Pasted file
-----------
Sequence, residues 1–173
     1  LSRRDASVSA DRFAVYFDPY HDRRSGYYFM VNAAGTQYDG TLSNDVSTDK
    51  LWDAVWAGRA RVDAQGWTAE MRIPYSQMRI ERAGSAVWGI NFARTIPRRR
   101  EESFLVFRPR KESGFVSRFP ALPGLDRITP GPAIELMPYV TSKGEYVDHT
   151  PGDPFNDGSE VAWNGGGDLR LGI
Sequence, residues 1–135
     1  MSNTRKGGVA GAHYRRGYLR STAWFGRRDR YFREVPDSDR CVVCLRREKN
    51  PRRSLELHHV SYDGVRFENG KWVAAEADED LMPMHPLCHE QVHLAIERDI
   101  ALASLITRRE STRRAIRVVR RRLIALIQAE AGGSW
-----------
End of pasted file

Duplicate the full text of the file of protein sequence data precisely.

Sequence, residues 1–173
     1  LSRRDASVSA DRFAVYFDPY HDRRSGYYFM VNAAGTQYDG TLSNDVSTDK
    51  LWDAVWAGRA RVDAQGWTAE MRIPYSQMRI ERAGSAVWGI NFARTIPRRR
   101  EESFLVFRPR KESGFVSRFP ALPGLDRITP GPAIELMPYV TSKGEYVDHT
   151  PGDPFNDGSE VAWNGGGDLR LGI
Sequence, residues 1–135
     1  MSNTRKGGVA GAHYRRGYLR STAWFGRRDR YFREVPDSDR CVVCLRREKN
    51  PRRSLELHHV SYDGVRFENG KWVAAEADED LMPMHPLCHE QVHLAIERDI
   101  ALASLITRRE STRRAIRVVR RRLIALIQAE AGGSW